Being stuck indoors is no fun for you or your dog, but hopefully after a bit of inspiration you’ve been able to pick up helpful tips to make it a lot less boring before you can be out and about again.
This entry was posted in Dogs
💤 The BIG Bed Sale! 💤
Save up to 25% on Bolster Beds, Topology Beds and Donut Beds for a limited time only! Now is the perfect time to treat your pawesome pal to a cosy new bed this autumn 🍂
Terms and conditions
The promotion for 25% off beds is only valid from 14/09/21 to 17/09/21. The promotion only applied to Bolster Dog Beds, Topology Dog Beds, Maya Donut Cat Beds and Bolster Cat Beds, including covers, toppers and feet. Excludes all other dog and cat accessories. No promo code needed, discount has already been applied. While stocks last. Subject to availability. Omlet ltd. reserves the right to withdraw the offer at any point. Offer cannot be used on delivery, existing discounts or in conjunction with any other offer. You are not able to use a discount code on your order if your basket contains one or more discounted products.
This entry was posted in Cats
While the kids are away, the pets will play!
Start the new school year with 20% off selected Back To School Buys when you spend £30 on qualifying items. Look out for the pencil symbol on out website to find all the included items, or choose some of out favourites ✏️
Terms and conditions
This promotion is only valid from 02/09/21 – midnight on 06/09/21. Use promo code BACK2SKWL at checkout to get 20% off when you spend £30 on selected products. While stocks last. Must spend £30 on items displaying on the website with pencil icon for 20% off to work. Subject to availability. Omlet ltd. reserves the right to withdraw the offer at any point. Offer cannot be used on delivery, existing discounts or in conjunction with any other offer.
This entry was posted in Budgies
Getting a new puppy is such an exciting time for everyone involved (even if it means a manic few months ahead of you!). A cross between a poodle and cocker spaniel, cockapoos have soared in popularity over the past few years, with their hypoallergenic coat and undeniably cute looks both playing a huge part in this! With such a loving and fun temperament, it’s hardly surprising that they have become a new firm family favourite. So, now you’ve decided that a cockapoo is the right puppy for you, where exactly do you start? Writing a puppy checklist is a good idea to get prepared before you bring your pet pooch into their new home.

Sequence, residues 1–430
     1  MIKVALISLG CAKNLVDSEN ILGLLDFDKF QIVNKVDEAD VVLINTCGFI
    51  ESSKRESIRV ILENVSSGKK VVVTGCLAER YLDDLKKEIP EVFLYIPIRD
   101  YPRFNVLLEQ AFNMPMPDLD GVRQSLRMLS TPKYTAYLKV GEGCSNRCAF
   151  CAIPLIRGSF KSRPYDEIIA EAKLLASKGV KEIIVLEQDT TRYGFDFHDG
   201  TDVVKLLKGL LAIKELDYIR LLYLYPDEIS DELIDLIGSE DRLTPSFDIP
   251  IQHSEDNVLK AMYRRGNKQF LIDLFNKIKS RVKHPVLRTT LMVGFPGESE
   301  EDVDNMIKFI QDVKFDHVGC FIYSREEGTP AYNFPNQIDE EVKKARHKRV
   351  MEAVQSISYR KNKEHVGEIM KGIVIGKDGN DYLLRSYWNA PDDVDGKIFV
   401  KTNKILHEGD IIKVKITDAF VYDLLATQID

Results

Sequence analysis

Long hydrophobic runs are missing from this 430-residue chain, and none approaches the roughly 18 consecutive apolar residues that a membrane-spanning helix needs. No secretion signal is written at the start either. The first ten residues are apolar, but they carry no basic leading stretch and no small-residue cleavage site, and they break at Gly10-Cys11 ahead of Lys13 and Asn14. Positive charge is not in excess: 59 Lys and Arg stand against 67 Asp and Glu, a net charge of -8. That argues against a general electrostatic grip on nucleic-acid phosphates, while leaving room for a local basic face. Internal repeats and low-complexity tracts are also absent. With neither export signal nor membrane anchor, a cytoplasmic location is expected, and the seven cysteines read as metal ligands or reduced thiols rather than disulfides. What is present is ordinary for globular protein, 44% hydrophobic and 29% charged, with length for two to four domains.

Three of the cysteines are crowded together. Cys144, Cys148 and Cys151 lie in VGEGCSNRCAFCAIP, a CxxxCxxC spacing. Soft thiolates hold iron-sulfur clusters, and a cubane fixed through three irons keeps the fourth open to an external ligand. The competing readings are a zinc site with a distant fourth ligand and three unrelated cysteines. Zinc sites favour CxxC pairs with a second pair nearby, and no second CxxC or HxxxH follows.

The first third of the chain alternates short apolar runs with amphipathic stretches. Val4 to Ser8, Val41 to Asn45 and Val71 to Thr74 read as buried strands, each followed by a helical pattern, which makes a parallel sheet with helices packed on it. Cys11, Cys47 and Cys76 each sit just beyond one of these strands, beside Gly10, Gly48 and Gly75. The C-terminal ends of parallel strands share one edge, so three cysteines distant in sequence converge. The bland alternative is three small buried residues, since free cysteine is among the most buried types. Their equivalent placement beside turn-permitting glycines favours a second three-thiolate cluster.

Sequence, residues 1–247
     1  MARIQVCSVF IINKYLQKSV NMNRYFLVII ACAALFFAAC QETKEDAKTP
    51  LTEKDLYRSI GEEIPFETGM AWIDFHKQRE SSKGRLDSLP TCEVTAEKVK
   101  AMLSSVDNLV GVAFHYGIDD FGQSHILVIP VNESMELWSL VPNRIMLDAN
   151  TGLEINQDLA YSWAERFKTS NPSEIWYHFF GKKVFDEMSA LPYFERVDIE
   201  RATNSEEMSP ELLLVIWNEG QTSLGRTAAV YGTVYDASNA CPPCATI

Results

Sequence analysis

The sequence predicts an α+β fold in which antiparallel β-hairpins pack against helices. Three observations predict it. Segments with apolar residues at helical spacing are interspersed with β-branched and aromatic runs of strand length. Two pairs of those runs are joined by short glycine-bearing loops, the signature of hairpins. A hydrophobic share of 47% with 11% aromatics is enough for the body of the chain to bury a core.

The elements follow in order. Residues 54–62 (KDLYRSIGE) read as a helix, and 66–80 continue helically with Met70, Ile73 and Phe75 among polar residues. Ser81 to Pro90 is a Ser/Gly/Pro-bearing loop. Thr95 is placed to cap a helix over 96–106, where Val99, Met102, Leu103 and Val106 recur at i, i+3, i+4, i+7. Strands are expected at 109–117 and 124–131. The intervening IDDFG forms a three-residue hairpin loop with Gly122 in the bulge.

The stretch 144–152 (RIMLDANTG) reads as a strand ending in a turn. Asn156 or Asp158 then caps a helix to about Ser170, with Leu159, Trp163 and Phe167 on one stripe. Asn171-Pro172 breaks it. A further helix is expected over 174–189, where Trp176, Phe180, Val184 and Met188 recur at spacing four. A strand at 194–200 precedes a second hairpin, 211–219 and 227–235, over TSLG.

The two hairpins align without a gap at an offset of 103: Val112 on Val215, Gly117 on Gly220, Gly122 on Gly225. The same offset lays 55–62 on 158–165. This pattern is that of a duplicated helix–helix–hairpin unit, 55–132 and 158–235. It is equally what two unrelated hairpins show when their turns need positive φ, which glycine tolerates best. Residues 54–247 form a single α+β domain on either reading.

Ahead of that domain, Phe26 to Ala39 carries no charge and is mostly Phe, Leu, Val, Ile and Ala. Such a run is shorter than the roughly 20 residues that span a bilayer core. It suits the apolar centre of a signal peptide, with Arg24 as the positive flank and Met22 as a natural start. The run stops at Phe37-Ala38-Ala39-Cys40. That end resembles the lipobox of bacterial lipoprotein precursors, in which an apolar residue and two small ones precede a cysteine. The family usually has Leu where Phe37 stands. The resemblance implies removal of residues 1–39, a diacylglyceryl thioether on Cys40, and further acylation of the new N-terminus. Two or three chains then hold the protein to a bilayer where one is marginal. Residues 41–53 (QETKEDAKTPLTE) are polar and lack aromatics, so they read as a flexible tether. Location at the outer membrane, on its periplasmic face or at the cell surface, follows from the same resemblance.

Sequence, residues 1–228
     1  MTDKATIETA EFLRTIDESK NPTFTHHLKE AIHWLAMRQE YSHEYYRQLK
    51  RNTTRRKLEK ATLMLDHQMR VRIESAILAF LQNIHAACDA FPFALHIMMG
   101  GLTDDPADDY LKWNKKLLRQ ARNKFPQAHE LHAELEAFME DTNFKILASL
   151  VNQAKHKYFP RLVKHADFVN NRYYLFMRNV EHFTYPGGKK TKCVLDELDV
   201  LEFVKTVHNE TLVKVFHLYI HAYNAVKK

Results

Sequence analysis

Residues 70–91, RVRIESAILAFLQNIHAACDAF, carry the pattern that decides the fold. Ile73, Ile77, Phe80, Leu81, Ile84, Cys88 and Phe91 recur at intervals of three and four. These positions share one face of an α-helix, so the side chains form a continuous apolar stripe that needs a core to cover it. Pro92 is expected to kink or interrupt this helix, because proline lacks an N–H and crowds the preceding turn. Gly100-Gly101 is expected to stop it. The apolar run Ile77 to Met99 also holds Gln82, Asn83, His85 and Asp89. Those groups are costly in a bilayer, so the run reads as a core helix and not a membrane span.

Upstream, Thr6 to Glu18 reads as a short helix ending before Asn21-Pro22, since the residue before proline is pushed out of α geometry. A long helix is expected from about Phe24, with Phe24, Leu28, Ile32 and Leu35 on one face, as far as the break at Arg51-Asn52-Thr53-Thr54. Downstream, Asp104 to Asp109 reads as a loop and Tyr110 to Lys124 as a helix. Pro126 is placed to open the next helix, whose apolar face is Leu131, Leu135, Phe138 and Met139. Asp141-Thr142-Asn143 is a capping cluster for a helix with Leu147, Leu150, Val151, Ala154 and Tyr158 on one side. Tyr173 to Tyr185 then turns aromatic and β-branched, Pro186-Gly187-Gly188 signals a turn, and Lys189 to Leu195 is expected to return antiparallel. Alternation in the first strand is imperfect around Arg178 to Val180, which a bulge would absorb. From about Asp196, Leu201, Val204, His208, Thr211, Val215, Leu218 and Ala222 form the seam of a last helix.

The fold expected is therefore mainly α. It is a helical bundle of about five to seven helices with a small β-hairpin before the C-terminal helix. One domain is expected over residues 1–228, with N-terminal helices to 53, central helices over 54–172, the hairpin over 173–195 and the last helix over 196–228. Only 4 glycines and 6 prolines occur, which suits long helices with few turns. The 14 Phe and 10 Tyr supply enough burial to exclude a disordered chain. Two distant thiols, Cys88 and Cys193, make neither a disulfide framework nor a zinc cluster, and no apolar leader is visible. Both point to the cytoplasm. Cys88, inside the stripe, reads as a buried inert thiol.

Essentials for Before They’re Home
The first few days with your new puppy might be tough, as they adapt to your life and you become familiar with your four legged friend. Every dog is different but there are some essentials that we recommend for your cockapoo before even bringing them home that will make for a much easier start.
Food and Water (Including Bowls)
Puppies, of course, need a fresh supply of food and water (along with appropriate sized bowls for each). A reliable cockapoo breeder will tell you know what food your cockapoo puppy has been on before they come home, to make for a less stressful transition. Be sure to also purchase treats for your new furry friend. They’re a fantastic way to start the training process and will keep your puppy motivated.
Collar and Lead
When you pick your puppy up, they’ll probably have had a collar on to differentiate them from their littermates. However, you’ll want to purchase your own, even before they are able to go for their first walk. This will help to train them to get used to the feeling of a lead and collar. For size reference, cockapoos are generally medium sized dogs but this can range depending on what type of poodle they are mixed with. The general rule of thumb is that you should be able to fit two fingers under your cockapoo’s collar. Alternatively, you may wish to opt for a harness. Whichever you decide for your new cockapoo pup, make sure they are fitted with an ID tag, which states your name, first line of your address, postcode, contact number, and a message that indicates that your dog has been microchipped i.e. “I’m microchipped”.
A Crate and Bedding
When you bring your puppy home you should introduce them to a crate. A crate should never be used as a cage or to punish your dog, but should work as a den for your new cockapoo. The Omlet Fido Studio Dog Crate allows your dog to have their own private and safe place in the house, whilst the modern design will compliment your home. Happy owner and happy pup!
Puppies need sleep, and a lot of it! So comfortable bedding for your cockapoo puppy is essential. Your Fido Studio Crate can also be very easily fitted with a wide range of dog beds. The easy clean Topology dog bed is perfect for puppies, allowing you to zip a puppy training mat below the bed topper for any accidents, and it’s quick and easy to zip off the topper to throw in the washing machine when it’s time for a freshen up!
A Few Extras For Your Cockapoo
Cockapoos are remarkably intelligent and many puppies take to toilet training within the first few weeks. For when your pup arrives home it really is a personal preference as to whether you’d like to use puppy pads for toilet training or not. Puppy pads are massively convenient, especially to those with limited outdoor space. However, if getting up in the middle of the night to take your puppy for a wee isn’t a problem for you then you may wish to avoid this product as your pup may find it difficult or confusing to transition between the pads and outdoor peeing.